I think the main secret of enjoying Dragon Ninja is really simple: play it using only the one coin and don’t use continues. When you aren’t able to just stick another credit in and play on it stops being so straightforward and actually becomes both challenging and highly enjoyable. For an ’80s coin-op game it’s also really fair on you, giving you plenty of opportunities to avoid the bad guys and get a swift kick in there before they do the same to you.

It’s also charmingly of it’s time, with its cheesy Reagan-referencing storyline and the “bad dudes” late-80s get-up (white jeans!). I also love the motorway-set second level (something very similar also appears in the Gameboy colour take on Shinobi) and the way that it’s basically similar bad guys all the way through. It really feels like you’re taking on a massive hoard of ninjas.

Still can’t get past the multiplying ninja-bloke at the end of stage 3, though.

Now with added extra stuff!

29 October, 2012

Ere, oo’ be you?

As another stop-gap post in the “Matty plays the Humble Bundle” series (and I’ve been busying myself writing the next, erm, write-up for that so don’t worry) I thought I’d write a post about something which has been interesting me recently about arcade conversions for home computers/consoles in the misty mists of yesteryear. Reader, I’m talking about exclusive extra content. For example:

The Sega Megadrive version of Mercs has a whole alternative version of the game to play alongside the arcade orignal.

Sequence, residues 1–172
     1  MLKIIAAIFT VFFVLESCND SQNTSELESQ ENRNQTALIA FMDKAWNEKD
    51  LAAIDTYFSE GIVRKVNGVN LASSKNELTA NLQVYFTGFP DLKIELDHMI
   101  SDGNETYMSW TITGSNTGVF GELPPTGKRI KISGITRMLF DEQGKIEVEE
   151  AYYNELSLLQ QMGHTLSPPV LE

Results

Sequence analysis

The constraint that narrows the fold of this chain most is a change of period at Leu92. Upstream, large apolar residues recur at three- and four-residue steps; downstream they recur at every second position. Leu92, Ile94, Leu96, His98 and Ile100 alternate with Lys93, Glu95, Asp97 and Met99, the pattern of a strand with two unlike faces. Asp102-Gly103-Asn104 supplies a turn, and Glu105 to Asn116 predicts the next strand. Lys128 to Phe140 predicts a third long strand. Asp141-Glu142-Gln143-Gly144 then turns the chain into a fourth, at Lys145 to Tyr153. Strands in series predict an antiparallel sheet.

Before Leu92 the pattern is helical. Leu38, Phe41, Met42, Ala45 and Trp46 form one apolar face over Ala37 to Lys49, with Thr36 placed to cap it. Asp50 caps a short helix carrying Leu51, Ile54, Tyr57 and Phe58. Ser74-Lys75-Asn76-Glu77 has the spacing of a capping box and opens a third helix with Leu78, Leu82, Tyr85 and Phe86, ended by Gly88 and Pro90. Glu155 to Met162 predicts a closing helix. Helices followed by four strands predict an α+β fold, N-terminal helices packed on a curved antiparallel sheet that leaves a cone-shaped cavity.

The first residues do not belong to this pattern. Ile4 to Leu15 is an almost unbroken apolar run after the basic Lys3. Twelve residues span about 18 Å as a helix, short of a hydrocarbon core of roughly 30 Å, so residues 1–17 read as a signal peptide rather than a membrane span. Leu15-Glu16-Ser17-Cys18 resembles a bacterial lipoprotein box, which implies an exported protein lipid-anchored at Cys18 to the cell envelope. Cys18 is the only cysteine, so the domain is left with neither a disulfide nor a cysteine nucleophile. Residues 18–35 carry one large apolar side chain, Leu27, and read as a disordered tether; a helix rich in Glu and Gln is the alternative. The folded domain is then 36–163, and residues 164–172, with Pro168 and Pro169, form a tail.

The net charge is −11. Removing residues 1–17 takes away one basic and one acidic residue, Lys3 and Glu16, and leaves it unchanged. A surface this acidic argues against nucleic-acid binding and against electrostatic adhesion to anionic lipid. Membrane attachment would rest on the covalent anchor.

The Megadrive version of the stupidly-named shooter Slap Fight has the same.

Bignonia’s unofficial Amiga conversions of the C64 version of conversions of old arcade machines (did that make sense?) include extra levels, including a whole new stage for their conversion of Donkey Kong.

The Gameboy Advance cartridge Arcade Advance features conversions of a number of ’80s arcade games but using the Konami Code reveals a whole bunch of alternative and enhanced versions including Rush’n’Attack/Green Beret having additional levels.

I seem to remember reading that the Megadrive version of Golden Axe features an additional level.

As I discovered on YouTube today, the Sega Master System version of R-Type has a new hidden level.

Can anyone think of any others? I’ll post more here under the appropriate tag as I discover/remember them.

“How do you make it play games, sir?” – Daredevil Dennis

21 May, 2012

“They shouldn’t have put Dennis in the water if they didn’t want him to make waves”